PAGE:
Apr 022010

Arsenal 2 (Walcott 69, Fabregas pen 85) Barcelona 2 (Ibrahimovic 46, 59)
(Champions League Quarter Final 1st Leg)

What a game. What a recovery. What a display of mental strength.

Following the match by using a combination of Twitter and the BBC commentary was painful, but having finally finished my work trip I’ve managed to see the game, and what an extraordinary affair it was. From the manic early stages which could have ended the tie, to Barcelona getting the goals their display richly deserved, all the way through to a comeback that no-one could have foreseen.

I was preparing what I would write at 0-2, and it was along the lines of hoping we could just get past Wolves at the weekend, before getting everyone in shape for the trip to Spurs in two weeks time. But now, we have reason to believe that we can remain in the Champions League, not least because both of Barca’s centre backs will be suspended.

Of course, we were counting the cost of the game too. Gallas is probably out for the season with a recurrence of his calf injury, Cesc certainly is after breaking his leg (if he broke it winning the penalty, it makes the subsequent kick and his refusal to leave to field all the more heroic), and Arshavin will miss at least a few weeks with a calf injury of his own. Who knows what eleven we’ll be able to field on Tuesday night – just four days away.

I’m sure you all saw the match, and witnessed Almunia repeating his performance from Old Trafford last season in single handedly keeping us in the tie with a string of stunning saves. Interspersed with his acrobatics was a shocking miss by Ibrahimovic, who appeared to be having another one of his big-game failures. But early in the second half, he struck twice, and while Almunia has been criticised for the first, I can see why he felt the need to come out. But he got his angles wrong and the Swede punished him. For the second, Xavi was afforded far too much time to pick his pass. But you couldn’t argue with the scoreline at that point.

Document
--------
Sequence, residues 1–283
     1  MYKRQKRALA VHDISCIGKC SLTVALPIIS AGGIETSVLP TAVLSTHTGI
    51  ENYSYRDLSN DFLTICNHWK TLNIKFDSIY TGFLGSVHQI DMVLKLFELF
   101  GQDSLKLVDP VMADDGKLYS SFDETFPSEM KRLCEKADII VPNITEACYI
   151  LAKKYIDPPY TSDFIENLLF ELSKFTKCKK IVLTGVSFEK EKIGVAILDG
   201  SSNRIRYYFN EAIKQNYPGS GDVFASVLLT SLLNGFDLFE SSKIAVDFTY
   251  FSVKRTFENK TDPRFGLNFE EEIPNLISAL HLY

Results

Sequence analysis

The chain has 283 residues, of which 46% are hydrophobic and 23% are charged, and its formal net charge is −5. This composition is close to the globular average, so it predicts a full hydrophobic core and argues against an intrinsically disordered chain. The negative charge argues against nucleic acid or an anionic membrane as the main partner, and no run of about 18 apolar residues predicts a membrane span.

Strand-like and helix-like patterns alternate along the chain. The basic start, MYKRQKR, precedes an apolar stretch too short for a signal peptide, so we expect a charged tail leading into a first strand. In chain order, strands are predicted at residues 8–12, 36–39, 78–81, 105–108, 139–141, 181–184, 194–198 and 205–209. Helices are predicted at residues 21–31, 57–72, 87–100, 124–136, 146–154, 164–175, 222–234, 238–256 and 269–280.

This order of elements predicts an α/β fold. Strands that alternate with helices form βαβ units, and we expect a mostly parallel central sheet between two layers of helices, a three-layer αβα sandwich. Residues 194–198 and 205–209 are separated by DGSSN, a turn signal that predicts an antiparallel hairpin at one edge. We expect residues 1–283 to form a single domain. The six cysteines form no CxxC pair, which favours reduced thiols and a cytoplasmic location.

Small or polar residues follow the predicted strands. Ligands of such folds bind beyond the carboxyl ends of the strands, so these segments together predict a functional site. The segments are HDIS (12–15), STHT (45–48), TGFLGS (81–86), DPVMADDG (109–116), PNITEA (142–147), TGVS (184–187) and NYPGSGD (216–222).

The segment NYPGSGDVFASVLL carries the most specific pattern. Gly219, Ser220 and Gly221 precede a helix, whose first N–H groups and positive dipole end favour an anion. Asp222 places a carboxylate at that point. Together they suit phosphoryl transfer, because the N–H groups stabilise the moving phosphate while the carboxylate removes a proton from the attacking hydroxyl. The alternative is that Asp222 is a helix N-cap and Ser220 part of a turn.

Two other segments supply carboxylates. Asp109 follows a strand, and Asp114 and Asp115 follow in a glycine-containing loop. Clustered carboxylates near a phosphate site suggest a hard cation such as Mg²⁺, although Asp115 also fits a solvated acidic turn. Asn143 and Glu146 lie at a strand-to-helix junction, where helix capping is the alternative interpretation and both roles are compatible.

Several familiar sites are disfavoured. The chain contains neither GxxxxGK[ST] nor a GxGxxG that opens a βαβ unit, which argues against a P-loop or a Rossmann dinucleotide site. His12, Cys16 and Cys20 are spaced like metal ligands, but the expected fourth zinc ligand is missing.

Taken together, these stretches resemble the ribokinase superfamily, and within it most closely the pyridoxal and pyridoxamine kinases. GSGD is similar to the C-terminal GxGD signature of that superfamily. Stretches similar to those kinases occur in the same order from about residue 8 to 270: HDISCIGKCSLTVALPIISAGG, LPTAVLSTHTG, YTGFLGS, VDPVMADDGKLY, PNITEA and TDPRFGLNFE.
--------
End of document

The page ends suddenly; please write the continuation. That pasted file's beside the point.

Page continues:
In between, Bendtner forced a fine save from Valdes, but it looked hopeless. Two goals down at home, it felt as flat as our capitulation against United in that semi-final. But unlike then, we had an ace up our sleeve. And that ace, surprisingly enough, was Theo Walcott.

Soon after coming on, Bendtner slipped him an inch perfect through ball, and he finished under Valdes, who probably could have done better but may have been taken by surprise bythe early shot. His pace was pinning Maxwell back, and shifting the momentum in our favour, and the comeback was completed from the penalty spot, after Cesc’s shooting leg collided with Puyol (again after a Bendtner assist). The decision may have been debatable, the sending off certainly so, but our captain needed no second invitation to lash the spot kick home and leave us rubbing our eyes in disbelief.

Having seen the incident many times, I suspect Cesc might have damaged his leg in the act of taking the penalty. The prior kick, and the one at Birmingham, may have weakened it, but if you watch him take the shot again, he lands on his right leg at an unpleasant angle, which may have resulted in the weakness finally caving in.

Some questioned his appointment as captain nearly two years ago, but although he was already a fine player, he has proven his leadership credentials time and time again this season, dragging the side towards the finish line with no apparent regard for his own health. His thoughts have not been on the World Cup, he has played through pain, strained already aching muscles, and set an example that the rest would do well to follow. We can only hope that he has one remaining act this season – lifting a trophy.

It will be immensely difficult given the insane nature of our injury crisis. Ironically, having spent most of the campaign with a packed treatment table, the problem seemed to be easing. But once again, you could name a full team of absentees, and no side can withstand losses the the degree we have. One can only imagine where we would be if we had a little more luck in that regard.

You could argue that Wenger has taken a few risks, bringing back Cesc and Gallas too early, but those are risks I think any of us would want him to take. And it says a lot about the spirit of the players that they don’t want to rest up, they want to get out there and win something for the club.

More than ever, I think this club is heading powerfully in the right direction. I know we always talk about ‘next season’, but can you imagine how dangerous we could be without even half the serious injuries?

That is for another time, because thanks to a stirring comeback, we are still in the Champions League. And if results go our way tomorrow (essentially, we don’t want Chelsea to win), we would still be in the Premiership race. We might be hobbling towards the line, but if sheer will to succeed can be enough, we might yet get there. Either way, you have to be impressed.

Tomorrow, we simply have to get three points against Wolves. More on that game in the morning.

Until then.

  One Response to “Outplayed, but not outfought as Cesc ends his season in style”

  1. It was indeed a heroric comeback. Not many teams can do that against a stylish team like baca. I think we need to hail the boys despite being outplayed during the first half. While baca remains the favorates to progress, i strongly believe a maricle can be worked on our behalf. Let us be realistic. Look at our injuries list, yet we continue to compete at the highest level. A bit of luck is with us. Let us continue to belief.

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